I called my Mom to wish her a happy wedding anniversary. This would have been the 50th for her and Dad. They sure modeled what a great relationship should be like. I’m really proud of how my Mom continues to count her blessings, even on difficult days like this one.

 

I spent a total of 20 nights in the state of Colorado. In the context of my trip, this is really an exorbitant number. I’m not sure if I’ve even spent half that many days in any other state. My reunion was part of what made it a long stay, but my attitude also played a part. I was really intent on stopping to smell every wildflower in the whole state.

I’d say my attitude towards this place changed during these days too. It shifted from an appreciation, in almost an academic sense, to a sense of wonder and love. I can’t wait until the next time the Rocky Mountain State welcomes me in.

9 to go!

Keep stopping, everybody

BA

 

Realtime update: I’m hanging out in Flagstaff, AZ, having survived my visit to Las Vegas. πŸ™‚ I’ve been productive since I arrived here and may take one more work day before visiting Winslow. I really lingered longer than I thought I would in Utah, so I’m hoping I can pick up the pace just slightly.

I have pretty well decided that I want to take another swing at visiting Ombabika before I complete my journey. I know right where to look now and I’d like to finish my quest without any feelings of unfinished business. The road to get there will probably close for the season in October, so I need to be done by then. That’s the main thing pushing my pace right now, but I hope to still take time to smell many more wildflowers along my route. πŸ™‚

 

 

 

Author: BA

I get really frightened when someone reads the 'About Me' of my profile.....AAAAAAAAAAHHHHHHHHHHHHHHHHHHHHHHHHHHHHHHHHHHHHHHHHHHHHHHHHHHHHHHHHHHHHHHHHHHHHHHHHHHHHHHHH

8 thoughts on “Stop to Smell”

  1. So glad you took time to β€œStop and… hang” with us for so many days πŸ˜„ And a few other options for you… crapshoot, stinkpit, poopstain… and there’s plenty more if you need’m πŸ˜‰ -B&E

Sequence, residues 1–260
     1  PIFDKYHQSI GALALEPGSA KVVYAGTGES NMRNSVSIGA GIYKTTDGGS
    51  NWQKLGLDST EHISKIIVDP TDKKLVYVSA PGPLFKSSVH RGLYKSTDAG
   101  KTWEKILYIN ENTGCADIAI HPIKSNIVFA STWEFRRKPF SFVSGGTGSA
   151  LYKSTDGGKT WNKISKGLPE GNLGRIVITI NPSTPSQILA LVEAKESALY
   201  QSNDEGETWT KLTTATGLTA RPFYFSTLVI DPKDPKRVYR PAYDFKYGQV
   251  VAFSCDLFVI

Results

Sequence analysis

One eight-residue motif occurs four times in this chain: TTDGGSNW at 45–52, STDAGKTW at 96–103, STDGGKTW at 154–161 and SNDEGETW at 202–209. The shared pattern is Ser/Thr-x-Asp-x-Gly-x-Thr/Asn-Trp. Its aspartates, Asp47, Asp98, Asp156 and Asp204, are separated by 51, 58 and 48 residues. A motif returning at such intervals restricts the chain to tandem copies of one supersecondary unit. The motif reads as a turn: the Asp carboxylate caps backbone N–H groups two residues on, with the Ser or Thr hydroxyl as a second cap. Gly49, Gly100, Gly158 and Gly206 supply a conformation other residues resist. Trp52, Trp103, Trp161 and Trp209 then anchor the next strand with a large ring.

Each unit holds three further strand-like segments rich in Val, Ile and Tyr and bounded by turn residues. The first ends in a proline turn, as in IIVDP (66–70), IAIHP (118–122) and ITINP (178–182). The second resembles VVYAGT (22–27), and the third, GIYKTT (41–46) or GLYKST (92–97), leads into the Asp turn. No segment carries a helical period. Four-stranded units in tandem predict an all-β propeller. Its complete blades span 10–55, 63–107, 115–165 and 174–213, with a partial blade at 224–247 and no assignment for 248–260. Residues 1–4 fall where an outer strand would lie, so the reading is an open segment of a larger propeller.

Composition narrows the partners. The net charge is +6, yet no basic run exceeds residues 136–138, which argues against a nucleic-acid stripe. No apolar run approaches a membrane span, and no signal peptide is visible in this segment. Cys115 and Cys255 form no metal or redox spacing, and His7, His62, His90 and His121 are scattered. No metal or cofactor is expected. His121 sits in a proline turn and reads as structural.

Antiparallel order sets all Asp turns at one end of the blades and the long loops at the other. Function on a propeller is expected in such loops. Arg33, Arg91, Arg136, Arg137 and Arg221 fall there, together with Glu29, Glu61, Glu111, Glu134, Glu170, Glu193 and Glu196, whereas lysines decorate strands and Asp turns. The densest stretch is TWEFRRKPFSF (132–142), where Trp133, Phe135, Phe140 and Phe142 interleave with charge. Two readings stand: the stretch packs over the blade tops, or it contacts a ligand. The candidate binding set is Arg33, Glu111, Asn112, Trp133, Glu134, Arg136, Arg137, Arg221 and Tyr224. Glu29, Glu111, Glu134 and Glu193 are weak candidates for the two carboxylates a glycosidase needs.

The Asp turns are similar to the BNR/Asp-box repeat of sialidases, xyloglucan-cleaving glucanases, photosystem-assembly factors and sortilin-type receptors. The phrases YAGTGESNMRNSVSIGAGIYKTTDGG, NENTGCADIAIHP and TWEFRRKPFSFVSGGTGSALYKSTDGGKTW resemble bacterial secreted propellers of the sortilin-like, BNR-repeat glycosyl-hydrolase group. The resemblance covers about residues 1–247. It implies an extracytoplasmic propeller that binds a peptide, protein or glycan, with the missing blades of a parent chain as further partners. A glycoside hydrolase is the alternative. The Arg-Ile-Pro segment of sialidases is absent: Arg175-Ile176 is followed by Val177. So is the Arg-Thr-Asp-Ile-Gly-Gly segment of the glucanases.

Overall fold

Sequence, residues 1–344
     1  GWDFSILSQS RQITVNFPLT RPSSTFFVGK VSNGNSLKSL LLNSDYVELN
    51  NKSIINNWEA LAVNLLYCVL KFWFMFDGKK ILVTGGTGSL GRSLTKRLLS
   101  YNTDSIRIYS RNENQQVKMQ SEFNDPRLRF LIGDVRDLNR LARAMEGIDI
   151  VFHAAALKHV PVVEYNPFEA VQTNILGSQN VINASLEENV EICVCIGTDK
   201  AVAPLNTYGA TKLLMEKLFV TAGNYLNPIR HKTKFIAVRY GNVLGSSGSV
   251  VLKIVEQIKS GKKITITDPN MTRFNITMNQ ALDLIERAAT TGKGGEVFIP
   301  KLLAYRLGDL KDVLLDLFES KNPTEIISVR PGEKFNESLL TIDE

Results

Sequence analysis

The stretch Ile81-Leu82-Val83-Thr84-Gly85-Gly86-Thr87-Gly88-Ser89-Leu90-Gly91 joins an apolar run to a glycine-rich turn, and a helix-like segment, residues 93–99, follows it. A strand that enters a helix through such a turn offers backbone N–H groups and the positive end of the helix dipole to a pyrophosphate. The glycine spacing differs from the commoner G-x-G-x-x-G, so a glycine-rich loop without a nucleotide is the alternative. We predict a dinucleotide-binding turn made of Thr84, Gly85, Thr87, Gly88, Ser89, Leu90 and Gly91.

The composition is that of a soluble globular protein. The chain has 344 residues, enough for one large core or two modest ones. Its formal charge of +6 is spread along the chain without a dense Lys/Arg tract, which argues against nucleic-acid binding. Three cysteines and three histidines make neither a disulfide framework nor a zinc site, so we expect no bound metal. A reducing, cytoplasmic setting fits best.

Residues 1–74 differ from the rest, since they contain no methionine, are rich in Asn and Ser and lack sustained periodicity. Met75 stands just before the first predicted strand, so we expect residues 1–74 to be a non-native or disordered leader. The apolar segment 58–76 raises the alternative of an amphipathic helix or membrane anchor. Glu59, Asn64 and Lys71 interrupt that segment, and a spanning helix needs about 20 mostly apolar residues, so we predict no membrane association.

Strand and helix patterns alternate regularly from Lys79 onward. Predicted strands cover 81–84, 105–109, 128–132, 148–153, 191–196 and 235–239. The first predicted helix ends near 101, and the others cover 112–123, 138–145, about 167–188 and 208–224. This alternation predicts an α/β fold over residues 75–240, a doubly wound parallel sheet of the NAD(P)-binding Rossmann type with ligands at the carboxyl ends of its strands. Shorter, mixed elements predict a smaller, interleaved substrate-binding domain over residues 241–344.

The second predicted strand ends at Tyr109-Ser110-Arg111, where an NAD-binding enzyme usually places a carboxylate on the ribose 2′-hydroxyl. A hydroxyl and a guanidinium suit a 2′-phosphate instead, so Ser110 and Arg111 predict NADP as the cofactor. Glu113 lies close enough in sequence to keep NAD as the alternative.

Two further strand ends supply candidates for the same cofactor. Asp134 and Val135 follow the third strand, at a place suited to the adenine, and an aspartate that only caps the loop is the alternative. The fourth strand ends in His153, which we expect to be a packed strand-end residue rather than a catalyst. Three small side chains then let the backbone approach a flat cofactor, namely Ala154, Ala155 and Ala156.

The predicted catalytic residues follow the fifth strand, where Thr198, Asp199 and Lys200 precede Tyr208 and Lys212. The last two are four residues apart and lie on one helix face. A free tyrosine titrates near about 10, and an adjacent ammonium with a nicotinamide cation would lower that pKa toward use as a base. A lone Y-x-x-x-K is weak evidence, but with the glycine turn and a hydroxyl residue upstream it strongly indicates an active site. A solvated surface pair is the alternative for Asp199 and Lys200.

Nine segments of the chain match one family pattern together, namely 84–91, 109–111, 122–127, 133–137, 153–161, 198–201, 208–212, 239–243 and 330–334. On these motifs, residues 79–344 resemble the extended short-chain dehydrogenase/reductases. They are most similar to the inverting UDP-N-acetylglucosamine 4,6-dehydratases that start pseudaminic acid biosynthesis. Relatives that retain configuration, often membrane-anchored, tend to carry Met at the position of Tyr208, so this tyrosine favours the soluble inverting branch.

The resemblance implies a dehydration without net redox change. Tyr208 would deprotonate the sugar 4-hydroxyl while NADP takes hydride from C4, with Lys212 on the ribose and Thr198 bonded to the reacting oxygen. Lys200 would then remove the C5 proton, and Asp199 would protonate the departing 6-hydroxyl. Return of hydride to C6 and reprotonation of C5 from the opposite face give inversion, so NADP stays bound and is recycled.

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  2. You have some great pictures in this post, Brett! Good material in Colorado! The narrow roads without guardrails are a little scary! Thanks for the kind words and your thoughtfulness! Love you much! Mom
    PS. Your expletive vocabulary is just fine!

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  3. Your descriptions are making me want to go to Colorado! Thanks for sharing the “private waterfalls” and your camping spots (I love seeing your tent in all of its spectacular spots). Many years ago, on a winter drive from Santa Fe to Telluride, I passed through Ouray. I’ve wanted to return ever since. It’s great that you spent a nice chunk of time in Colorado. As you complete this journey (and return to Ombabika?!), do keep smelling the wildflowers!

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    1. My pleasure! It’s no Alaska, but Colorado is pretty nice. πŸ™‚ I would definitely like to go back and spend some more time on the west side of the Rockies. That was probably my favorite area of the state. There’s definitely a lot to like all over though!